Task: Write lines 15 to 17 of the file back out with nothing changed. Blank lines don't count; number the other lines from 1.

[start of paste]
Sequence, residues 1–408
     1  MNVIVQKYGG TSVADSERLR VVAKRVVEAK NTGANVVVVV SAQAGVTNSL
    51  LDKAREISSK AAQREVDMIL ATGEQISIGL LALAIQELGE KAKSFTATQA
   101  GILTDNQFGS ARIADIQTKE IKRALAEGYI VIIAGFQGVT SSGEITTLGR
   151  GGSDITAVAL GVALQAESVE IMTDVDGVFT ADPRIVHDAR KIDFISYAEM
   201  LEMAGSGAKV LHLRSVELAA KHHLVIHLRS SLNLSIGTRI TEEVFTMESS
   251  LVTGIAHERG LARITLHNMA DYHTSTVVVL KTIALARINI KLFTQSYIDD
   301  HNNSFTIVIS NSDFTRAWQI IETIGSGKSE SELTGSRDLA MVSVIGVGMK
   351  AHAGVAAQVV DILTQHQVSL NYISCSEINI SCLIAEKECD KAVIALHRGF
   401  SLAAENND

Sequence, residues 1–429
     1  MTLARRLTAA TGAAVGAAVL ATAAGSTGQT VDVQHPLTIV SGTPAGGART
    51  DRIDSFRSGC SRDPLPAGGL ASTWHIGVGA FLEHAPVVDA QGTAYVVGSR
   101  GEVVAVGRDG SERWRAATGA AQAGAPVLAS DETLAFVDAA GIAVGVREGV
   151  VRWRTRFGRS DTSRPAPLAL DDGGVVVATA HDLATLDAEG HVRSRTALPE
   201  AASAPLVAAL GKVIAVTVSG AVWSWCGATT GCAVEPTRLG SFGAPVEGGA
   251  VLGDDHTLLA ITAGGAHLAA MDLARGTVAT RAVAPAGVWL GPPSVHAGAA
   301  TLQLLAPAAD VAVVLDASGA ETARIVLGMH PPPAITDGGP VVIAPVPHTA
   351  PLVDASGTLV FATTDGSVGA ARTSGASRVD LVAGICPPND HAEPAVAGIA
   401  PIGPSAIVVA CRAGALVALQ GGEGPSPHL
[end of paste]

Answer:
   151  VRWRTRFGRS DTSRPAPLAL DDGGVVVATA HDLATLDAEG HVRSRTALPE
   201  AASAPLVAAL GKVIAVTVSG AVWSWCGATT GCAVEPTRLG SFGAPVEGGA
   251  VLGDDHTLLA ITAGGAHLAA MDLARGTVAT RAVAPAGVWL GPPSVHAGAA